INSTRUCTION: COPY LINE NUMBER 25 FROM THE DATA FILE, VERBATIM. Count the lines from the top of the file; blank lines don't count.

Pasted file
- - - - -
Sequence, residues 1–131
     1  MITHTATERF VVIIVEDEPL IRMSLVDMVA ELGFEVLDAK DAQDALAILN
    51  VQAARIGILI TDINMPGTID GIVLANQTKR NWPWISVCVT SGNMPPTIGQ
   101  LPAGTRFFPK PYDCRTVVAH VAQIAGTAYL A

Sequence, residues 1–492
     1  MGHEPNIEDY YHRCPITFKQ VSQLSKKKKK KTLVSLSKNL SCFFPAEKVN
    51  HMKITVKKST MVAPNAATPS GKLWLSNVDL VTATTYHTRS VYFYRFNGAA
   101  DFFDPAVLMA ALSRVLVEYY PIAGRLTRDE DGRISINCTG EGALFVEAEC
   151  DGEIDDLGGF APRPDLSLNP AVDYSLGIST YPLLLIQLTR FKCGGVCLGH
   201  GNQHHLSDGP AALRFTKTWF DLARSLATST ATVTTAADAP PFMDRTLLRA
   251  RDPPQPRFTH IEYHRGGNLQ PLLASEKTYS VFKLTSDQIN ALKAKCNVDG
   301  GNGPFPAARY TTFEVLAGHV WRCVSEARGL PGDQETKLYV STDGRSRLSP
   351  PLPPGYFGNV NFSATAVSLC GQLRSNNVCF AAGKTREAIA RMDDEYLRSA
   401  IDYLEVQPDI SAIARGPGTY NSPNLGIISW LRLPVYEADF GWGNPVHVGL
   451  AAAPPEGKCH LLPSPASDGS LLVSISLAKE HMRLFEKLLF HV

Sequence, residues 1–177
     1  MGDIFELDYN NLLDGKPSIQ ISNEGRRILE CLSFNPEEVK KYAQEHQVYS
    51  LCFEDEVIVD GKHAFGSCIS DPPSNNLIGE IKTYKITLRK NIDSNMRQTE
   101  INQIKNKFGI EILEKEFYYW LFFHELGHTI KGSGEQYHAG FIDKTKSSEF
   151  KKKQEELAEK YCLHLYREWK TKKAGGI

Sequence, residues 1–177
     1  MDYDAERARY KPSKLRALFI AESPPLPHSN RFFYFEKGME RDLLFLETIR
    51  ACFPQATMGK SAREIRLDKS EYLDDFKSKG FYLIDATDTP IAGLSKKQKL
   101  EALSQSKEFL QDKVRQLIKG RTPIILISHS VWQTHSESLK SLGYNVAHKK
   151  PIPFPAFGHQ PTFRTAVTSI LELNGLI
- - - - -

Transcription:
   151  PIPFPAFGHQ PTFRTAVTSI LELNGLI